Prisoner of conscience remains on trial

Darvinson Rojas
days left to take action

The arbitrary detention and criminalization of Darvinson Rojas occurs in a context of widespread arbitrary detentions made against people critical of the government or claiming their human rights. 

Venezuelan authorities have implemented a systematic and widespread policy of repression, including carrying out politically motivated arbitrary detentions, targeted extrajudicial executions, and using military courts to charge non-military with discretionary crimes such as treason or rebellion, towards those who are seen as critical of the government. Human rights defenders and individuals who seek justice for human rights violations have been subjected to targeted attacks and smear campaigns, in an apparent attempt to stifle their human rights work.

The FAES have a particularly dismal human rights record, particularly regarding extrajudicial executions. In January 2019, those targeted were all young men who were or were perceived to be critical of the government and came from low-income areas and their participation in protests had been visible or publicized.

Additionally, the authorities continue refusing to recognize the true scale of the humanitarian emergency and deteriorating living conditions. The population in Venezuela faces severe shortages of food, medicines, medical supplies, water and electricity. By the end of 2019, the total number of people who had fled the country in search of international protection had reached 4.8 million.

In the case of Darvinson Rojas, his reporting on the spread of COVID-19 in Venezuela put him at risk of being victim of the government’s policy of repression, given the firm grip authorities under Nicolás Maduro have over information on public health matters and the government’s inadequate response to it.

Darvinson was at his home in Mamera, Caracas, with his parents when a group of FAES officers arrived and asked to talk to him, initially with the excuse of an alleged “COVID-19 case.” They later asked him to reveal his sources on the information he was making public regarding cases of people infected with the virus in Venezuela. The FAES arrested all of them, and took them to the same detention centre. At the centre, his parents heard  FAES officers pushing Darvinson to release information on who his source was on the matter, which also contravenes the principle of source secrecy protected by international law. His parents were released, but Darvinson was moved to another detention centre. After hours of uncertainty his family was able to see him and talk to him on 22 March.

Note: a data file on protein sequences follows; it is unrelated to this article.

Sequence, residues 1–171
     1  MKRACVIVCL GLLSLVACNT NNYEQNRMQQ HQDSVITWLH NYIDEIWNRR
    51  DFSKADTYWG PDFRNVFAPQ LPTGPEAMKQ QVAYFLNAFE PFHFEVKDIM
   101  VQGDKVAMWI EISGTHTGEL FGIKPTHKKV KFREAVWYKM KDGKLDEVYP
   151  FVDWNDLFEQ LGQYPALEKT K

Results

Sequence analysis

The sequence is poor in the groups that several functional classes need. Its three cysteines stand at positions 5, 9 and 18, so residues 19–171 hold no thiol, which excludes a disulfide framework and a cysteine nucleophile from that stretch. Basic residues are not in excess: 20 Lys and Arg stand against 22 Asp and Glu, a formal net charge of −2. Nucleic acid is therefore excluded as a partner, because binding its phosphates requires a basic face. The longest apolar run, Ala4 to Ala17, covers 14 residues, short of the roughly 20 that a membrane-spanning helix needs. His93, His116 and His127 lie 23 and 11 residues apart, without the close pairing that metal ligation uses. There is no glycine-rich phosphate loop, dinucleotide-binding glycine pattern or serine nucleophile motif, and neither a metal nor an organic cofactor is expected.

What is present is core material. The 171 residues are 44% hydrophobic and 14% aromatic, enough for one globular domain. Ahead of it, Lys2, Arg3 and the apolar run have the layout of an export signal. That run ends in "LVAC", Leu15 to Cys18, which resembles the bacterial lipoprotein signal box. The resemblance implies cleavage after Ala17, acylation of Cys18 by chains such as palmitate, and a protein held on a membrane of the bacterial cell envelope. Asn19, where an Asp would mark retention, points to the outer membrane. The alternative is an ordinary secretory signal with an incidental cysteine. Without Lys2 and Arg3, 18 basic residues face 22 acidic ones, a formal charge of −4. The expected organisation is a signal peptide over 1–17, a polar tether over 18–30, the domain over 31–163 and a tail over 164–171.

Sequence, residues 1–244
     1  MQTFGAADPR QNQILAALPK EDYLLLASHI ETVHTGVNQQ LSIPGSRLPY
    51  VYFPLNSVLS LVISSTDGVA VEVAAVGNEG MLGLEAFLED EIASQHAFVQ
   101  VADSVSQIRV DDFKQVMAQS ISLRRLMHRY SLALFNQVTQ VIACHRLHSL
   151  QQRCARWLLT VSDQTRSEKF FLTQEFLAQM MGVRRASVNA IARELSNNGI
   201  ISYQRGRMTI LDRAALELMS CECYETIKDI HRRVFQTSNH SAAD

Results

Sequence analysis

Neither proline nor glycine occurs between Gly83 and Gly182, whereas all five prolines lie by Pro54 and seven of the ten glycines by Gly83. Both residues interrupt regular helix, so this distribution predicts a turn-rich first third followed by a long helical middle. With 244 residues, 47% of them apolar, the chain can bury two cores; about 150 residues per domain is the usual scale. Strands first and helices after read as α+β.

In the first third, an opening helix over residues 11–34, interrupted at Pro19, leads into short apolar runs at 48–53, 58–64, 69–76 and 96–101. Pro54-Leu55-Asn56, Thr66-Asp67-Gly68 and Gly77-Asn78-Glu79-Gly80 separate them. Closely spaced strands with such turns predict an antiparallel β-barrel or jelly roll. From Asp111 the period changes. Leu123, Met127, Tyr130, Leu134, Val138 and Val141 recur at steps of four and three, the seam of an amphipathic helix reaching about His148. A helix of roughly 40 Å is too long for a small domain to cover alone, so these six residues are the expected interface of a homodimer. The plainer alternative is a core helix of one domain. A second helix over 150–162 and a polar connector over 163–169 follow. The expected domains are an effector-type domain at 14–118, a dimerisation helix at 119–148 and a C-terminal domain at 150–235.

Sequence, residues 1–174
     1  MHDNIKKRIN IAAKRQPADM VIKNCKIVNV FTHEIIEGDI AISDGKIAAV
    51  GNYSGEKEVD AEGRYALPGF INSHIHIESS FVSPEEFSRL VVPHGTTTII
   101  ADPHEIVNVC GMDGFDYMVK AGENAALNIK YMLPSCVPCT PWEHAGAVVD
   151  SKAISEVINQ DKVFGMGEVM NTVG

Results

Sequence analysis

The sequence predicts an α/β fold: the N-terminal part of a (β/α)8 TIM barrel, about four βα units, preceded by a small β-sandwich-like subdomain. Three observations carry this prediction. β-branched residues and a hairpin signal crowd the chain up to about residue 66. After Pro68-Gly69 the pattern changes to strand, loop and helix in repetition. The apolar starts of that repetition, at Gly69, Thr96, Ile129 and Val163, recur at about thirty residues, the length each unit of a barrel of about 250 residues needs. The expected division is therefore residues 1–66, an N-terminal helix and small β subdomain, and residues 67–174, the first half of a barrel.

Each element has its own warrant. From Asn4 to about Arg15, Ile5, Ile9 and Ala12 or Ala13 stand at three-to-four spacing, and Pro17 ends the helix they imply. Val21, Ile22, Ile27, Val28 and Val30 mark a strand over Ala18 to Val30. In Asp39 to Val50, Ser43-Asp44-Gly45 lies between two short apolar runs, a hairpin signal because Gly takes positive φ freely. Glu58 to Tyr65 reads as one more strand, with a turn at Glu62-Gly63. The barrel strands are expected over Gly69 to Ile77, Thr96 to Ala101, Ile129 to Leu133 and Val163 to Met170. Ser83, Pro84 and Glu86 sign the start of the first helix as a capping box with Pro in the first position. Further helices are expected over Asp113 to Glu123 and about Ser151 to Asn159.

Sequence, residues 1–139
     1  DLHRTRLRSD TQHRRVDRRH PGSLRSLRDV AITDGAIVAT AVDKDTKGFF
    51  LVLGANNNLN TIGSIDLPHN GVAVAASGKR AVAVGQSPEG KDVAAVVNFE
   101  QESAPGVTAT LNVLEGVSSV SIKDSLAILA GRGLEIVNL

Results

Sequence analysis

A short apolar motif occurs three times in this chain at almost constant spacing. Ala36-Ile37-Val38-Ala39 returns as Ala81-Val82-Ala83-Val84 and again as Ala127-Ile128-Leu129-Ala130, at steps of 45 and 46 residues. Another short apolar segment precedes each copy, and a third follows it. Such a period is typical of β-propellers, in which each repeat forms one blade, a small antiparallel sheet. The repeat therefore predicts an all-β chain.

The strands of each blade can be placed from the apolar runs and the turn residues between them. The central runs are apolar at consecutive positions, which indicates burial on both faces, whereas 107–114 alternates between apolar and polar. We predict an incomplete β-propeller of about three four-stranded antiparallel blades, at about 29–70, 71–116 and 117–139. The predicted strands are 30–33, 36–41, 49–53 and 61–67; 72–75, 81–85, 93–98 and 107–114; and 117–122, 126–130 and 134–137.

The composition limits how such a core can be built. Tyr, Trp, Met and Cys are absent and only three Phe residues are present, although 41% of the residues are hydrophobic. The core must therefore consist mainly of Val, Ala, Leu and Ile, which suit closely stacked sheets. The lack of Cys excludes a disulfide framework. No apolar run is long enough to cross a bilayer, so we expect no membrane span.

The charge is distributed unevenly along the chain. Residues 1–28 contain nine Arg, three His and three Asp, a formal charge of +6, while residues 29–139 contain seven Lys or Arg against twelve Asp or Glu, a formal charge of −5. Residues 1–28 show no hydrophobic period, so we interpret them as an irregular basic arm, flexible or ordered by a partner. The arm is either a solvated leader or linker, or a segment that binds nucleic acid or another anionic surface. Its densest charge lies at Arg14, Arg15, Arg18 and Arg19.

FAES kept Darvinson Rojas in custody for 12 days. He was brought before the court without access to his lawyers of choice and confidence, despite them being present and available at the courthouse. He was accused of ‘advocacy of hatred’ and ‘instigation to commit crimes’ and released on bail on the evening of 2 April.

At the time this urgent action was issued, Darvinson’s lawyers did not have access to the court files and the court was closed only to reopen a few days later. His lawyers are not yet able to find out the precise conditions under which Darvinson has been released.

Darvinson sent personal messages to Amnesty International expressing his deep gratitude for the campaigning on his behalf and the support and solidarity extended to his family. Amnesty International received reports indicating that authorities had directly responded to the public pressure exerted by our global campaigning. 

Please note that the postal services in Venezuela are not currently working and we do not have an electronic address for this target. That is why we have changed the target of this letter to the Venezuelan embassy. You can also find the target on Twitter.

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